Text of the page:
Low-Fat or No-Fat Dressings Aren’t the Healthiest Option for Salads

Research shows the amount of dressing determines how many nutrients we absorb from a salad.

New research says that monounsaturated fat dressings, such as olive oil, are a smart salad dressing choice. The higher fat content in salad dressing, the more likely the body will absorb vital nutrients from the salad’s vegetables. Photograph courtesy of Flickr user USDAgov.

You’ve heard plenty about how salad dressings can load your healthy meal with unnecessary calories. But it turns out switching to fat-free ranch might not be the best choice, after all.

New research coming out of Purdue University suggests it’s not the type of salad dressing we choose to consume that keeps our salad nutritious—it’s the amount of dressing and how much fat it contains.

It’s common for people to believe low-fat or no-fat dressings keep
calories down and salad healthy. And while they do reduce calories, lead
researcher Mario Ferruzzi says these types of dressings actually limit
the amount of important nutrients we absorb from the vegetables.

Why? Common vegetables that appear in salads, including tomatoes, carrots, and spinach, are rich in carotenoids, pigments that protect cells from free radicals and boost our immune system. However, in order for our bodies to absorb these vital nutrients, we need fat to help extract them from the foods we digest, Ferruzzi explains.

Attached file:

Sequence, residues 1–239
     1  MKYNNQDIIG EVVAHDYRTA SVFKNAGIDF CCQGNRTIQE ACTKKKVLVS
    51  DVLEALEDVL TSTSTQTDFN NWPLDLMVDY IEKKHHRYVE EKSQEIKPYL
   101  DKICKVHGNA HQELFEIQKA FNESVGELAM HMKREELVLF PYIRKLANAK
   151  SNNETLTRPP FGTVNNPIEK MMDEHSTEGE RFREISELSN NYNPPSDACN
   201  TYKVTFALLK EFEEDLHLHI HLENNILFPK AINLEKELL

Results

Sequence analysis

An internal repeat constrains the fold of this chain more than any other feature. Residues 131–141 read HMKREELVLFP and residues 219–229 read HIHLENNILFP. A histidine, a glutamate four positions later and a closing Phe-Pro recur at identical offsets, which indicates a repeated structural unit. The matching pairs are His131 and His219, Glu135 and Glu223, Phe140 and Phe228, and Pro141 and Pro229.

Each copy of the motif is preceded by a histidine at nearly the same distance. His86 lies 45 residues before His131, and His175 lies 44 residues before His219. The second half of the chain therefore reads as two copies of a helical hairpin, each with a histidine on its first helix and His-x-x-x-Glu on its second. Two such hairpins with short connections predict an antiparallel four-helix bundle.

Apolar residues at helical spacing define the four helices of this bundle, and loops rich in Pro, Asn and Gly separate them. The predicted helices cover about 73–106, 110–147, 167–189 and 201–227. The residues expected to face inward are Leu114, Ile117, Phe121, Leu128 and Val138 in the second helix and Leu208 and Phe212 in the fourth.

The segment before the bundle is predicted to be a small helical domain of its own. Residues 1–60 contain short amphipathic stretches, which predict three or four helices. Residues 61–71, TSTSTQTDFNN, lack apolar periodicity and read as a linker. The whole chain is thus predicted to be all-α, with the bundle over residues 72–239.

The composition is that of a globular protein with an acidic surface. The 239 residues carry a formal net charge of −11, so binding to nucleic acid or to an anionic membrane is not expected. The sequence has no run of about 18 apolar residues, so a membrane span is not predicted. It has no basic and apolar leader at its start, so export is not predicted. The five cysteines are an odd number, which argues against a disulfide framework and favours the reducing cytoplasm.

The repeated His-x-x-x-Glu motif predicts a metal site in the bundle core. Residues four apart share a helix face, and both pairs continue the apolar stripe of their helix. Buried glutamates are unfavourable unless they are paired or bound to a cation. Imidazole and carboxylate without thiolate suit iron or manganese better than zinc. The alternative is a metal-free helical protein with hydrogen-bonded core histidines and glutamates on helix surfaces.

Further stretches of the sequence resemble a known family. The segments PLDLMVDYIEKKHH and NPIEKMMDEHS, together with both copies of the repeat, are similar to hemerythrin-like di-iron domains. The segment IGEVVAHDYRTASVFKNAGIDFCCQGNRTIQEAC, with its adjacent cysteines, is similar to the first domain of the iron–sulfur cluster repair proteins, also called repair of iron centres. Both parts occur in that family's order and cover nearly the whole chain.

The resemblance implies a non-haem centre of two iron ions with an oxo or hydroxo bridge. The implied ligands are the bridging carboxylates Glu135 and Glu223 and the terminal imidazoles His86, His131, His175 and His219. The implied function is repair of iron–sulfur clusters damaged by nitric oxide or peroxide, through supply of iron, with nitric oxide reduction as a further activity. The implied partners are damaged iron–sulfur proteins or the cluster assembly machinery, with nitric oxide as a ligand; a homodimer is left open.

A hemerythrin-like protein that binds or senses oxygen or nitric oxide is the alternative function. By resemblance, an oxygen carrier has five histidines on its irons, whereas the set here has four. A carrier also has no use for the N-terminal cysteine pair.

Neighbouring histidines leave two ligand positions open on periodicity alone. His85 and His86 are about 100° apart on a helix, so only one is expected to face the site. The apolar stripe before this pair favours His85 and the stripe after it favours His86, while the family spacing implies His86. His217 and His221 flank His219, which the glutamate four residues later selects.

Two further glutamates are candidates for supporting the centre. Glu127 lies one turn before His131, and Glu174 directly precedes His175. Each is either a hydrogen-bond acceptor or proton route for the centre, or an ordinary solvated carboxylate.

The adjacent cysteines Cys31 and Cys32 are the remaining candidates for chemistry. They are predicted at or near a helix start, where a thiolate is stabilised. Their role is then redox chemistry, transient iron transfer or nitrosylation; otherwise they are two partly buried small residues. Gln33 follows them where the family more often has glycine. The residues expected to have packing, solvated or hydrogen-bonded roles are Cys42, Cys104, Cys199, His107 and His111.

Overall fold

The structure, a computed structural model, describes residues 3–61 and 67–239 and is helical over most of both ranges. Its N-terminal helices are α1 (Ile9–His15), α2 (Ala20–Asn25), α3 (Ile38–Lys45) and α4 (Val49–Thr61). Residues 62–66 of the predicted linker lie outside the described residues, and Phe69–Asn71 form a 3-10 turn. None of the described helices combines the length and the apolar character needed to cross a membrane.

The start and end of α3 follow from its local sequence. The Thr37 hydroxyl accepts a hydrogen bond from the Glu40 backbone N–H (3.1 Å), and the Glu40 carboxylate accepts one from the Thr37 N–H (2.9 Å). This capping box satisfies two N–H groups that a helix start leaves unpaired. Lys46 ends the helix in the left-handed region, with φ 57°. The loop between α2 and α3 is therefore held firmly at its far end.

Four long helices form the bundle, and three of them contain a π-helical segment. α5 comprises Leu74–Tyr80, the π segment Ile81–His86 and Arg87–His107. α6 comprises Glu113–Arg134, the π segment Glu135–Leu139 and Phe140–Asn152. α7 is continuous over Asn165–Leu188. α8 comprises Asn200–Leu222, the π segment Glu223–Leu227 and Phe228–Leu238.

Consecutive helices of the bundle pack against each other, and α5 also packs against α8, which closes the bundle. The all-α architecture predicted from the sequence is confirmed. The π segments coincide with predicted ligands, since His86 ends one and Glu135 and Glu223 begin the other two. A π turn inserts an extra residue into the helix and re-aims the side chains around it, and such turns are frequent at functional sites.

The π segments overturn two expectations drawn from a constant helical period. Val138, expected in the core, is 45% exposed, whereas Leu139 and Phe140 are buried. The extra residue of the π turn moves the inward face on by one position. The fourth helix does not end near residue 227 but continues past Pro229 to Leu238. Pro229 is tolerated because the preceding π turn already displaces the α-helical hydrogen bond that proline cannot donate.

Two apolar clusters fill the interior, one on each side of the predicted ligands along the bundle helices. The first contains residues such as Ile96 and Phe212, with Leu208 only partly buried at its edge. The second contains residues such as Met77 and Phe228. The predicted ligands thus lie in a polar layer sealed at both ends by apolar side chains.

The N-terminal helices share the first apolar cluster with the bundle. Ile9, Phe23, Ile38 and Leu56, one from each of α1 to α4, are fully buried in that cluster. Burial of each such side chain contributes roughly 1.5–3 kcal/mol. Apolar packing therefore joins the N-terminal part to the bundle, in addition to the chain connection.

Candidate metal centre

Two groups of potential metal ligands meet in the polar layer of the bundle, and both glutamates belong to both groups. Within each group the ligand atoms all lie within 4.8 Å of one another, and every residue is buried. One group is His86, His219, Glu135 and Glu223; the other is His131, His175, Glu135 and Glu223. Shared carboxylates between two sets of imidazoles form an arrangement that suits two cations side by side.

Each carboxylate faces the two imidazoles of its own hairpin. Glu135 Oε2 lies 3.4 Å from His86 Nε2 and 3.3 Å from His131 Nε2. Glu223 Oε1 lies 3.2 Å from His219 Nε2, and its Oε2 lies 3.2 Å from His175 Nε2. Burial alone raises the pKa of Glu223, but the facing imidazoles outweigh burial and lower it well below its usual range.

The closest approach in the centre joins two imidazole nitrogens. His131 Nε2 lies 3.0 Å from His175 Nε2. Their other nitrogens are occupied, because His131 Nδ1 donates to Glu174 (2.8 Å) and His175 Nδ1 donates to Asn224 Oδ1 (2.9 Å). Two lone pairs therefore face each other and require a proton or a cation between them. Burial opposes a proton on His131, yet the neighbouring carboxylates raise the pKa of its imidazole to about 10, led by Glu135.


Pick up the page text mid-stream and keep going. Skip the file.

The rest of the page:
For the study, researchers fed 29 subjects salads with three different types of fat: butter (saturated), canola oil (monounsaturated), and corn oil (polyunsaturated). Each salad contained either 3, 8, or 20 grams of fat from dressing.

After consumption, the researchers tested the subjects’ blood for absorption of carotenoids.

Researchers found that the more fat there was in the salad, the more carotenoids the subjects absorbed. The corn oil dressing salad was most dependent on dosage. The more grams of fat the salad contained with this dressing, the higher the amount of carotenoids researchers found in the subjects’ blood tests afterward. The butter dressing led to similar results. Therefore, researchers concluded that when consuming these types of dressings, the more fat, the better.

On the other hand, Ferruzzi noted that subjects who ate the canola oil dressing absorbed the same amount of carotenoids from the salad that contained 3 grams of fat as the one that contained 20 grams, suggesting that monounsaturated fat-rich dressings such as canola or olive oil are a good choice for those who still want low-fat options, since they can pour on less dressing and receive the same benefits.

The new findings match up with a 2004 study that found carotenoids were more likely to be absorbed when paired with full-fat dressing, researchers noted.

“You need to make sure you have some fat in your salad dressing,” Ferruzzi advised in a statement. “Some fat is healthy. With heart-healthy canola oil, you’ll get the same, if not slightly better, absorption rates depending on individual carotenoids.”

The full study was published in the Molecular Nutrition & Food Research journal.